Consumer Bureau Must Ease Disclosure of Probe-Gained Information

By Chris Bruce

The Consumer Financial Protection Bureau may find it harder to shield information it receives in response to civil investigative demands (CIDs), under a Dec. 14 ruling.

The ruling by Judge Christopher R. Cooper of the U.S. District Court for the District of Columbia involves Frank LLP, a New York consumer class action law firm that submitted several Freedom of Information Act (FOIA) requests to the CFPB. The decision may assist Frank LLP in ongoing class suits against Midland Funding, and Midland Funding’s parent company, Encore Capital Group, that allege deceptive debt collection practices. Encore Capital reached a 2015 consent order with the CFPB in connection with claims of misleading affidavits filed in debt collection actions.

The case at issue in the Dec. 14 decision arose after the CFPB denied several FOIA requests submitted by Frank LLP. The CFPB justified its action in one instance by saying the information sought was given to the CFPB voluntarily in response to a CID. That finding — that the information was produced voluntarily — makes it easier for the agency to shield it from disclosure.

Cooper disagreed and granted Frank LLP’s motion for summary judgment on its claim that the CFPB’s stance violated FOIA. “The Court agrees that the Bureau’s formal authority to issue CIDs and, if need be, to obtain judicial enforcement, means that the submissions it receives in response to a CID should be treated as mandatory,” Cooper said. He also ordered the agency to abandon that policy going forward, which could ease FOIA requests in the future in connection with CID-related information.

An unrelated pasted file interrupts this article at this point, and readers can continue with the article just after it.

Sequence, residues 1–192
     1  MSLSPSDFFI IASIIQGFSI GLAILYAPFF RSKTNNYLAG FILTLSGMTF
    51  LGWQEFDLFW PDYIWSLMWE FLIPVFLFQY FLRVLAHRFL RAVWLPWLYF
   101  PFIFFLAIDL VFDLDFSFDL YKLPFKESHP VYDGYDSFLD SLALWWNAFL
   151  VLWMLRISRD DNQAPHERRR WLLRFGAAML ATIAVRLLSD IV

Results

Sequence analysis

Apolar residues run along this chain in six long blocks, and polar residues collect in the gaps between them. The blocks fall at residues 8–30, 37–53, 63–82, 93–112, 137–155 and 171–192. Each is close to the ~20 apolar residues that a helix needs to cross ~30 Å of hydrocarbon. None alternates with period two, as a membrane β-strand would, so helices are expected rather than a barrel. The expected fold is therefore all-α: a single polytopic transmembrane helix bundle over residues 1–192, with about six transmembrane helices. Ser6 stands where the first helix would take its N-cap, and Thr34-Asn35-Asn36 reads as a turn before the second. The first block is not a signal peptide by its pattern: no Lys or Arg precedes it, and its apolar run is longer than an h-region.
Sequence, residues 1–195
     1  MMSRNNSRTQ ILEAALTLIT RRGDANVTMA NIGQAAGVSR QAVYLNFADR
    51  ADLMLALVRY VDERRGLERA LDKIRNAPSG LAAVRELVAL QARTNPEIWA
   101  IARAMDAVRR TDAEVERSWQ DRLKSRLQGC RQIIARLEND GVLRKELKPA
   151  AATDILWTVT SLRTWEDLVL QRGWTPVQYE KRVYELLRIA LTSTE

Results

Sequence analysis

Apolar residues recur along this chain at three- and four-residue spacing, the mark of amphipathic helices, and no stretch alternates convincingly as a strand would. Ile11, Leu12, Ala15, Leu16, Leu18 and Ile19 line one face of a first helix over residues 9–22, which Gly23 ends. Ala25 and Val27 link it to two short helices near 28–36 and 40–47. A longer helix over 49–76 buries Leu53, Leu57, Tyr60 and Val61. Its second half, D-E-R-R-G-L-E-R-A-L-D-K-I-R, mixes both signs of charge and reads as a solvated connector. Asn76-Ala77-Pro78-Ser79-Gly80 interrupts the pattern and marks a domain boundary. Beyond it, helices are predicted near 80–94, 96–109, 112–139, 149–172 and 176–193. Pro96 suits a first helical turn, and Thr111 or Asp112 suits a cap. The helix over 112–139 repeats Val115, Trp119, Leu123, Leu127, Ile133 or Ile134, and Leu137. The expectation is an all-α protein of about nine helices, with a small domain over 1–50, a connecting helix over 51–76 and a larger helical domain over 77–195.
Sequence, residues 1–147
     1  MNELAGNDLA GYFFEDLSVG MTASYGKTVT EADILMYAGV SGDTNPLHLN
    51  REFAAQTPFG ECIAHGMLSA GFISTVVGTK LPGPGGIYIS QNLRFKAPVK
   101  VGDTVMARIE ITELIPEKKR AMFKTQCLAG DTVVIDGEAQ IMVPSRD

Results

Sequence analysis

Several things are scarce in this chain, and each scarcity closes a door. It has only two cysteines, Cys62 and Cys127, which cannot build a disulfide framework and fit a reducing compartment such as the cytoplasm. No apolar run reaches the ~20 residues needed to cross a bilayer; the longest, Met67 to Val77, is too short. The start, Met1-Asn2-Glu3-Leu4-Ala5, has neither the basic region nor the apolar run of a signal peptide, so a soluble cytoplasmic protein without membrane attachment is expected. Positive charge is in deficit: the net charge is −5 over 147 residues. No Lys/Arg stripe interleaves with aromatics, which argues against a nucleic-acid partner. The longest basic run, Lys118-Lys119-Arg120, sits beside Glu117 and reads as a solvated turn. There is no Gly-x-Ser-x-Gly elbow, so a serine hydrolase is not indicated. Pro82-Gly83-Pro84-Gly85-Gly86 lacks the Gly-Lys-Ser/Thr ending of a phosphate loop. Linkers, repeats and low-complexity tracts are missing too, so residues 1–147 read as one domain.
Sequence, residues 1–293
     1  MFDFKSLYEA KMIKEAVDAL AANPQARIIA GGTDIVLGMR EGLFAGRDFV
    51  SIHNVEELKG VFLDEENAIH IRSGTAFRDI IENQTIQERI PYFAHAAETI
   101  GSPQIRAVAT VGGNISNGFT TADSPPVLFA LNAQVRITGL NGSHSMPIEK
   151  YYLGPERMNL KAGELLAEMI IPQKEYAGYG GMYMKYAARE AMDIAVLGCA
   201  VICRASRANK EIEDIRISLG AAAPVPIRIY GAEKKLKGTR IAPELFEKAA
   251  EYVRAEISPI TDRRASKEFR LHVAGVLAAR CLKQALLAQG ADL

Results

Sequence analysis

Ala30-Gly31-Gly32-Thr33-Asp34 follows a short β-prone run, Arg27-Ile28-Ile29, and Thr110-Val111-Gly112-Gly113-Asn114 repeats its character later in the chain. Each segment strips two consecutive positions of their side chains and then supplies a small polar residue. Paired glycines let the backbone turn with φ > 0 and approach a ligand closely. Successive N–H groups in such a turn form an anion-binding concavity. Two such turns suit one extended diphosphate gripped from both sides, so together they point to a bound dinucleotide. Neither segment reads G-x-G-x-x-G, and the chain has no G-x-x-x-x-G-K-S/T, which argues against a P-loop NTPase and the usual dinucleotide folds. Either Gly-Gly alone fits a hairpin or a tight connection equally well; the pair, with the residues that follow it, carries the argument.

CIDs are important in the CFPB’s enforcement program, and often form a basis for agency action. The exemption at issue in the case — FOIA Exemption 4 — protects confidential trade secrets and commercial or financial information.

Despite that ruling, however, Cooper ruled for the CFPB on most of Frank LLP’s claims. It’s not clear whether or how Cooper’s treatment on those other questions might affect Frank LLP’s request on the CID-related information. Among other points, Frank LLP also challenged the CFPB’s interpretation of Exemption 8, which protects records “contained in or related to examination, operating, or condition reports prepared by, on behalf of, or for the use of an agency responsible for the regulation or supervision of financial institutions.”

Frank LLP said the agency’s interpretation of the term “financial institutions” to cover debt collectors is inconsistent with FOIA. Cooper, while saying Frank LLP had standing to make its challenge, held in favor of the CFPB.

Encore Capital didn’t immediately respond to a request for comment on the ruling. Frank LLP also didn’t respond. CFPB spokesman David Mayorga declined to comment.

Case: Frank LLP v. Cons. Fin. Protection Bureau , D.D.C., 16-cv-00670, 12/14/17 .

To contact the reporter on this story: Chris Bruce in Washington at cbruce@bloomberglaw.com

To contact the editor responsible for this story: Michael Ferullo at mferullo@bloomberglaw.com

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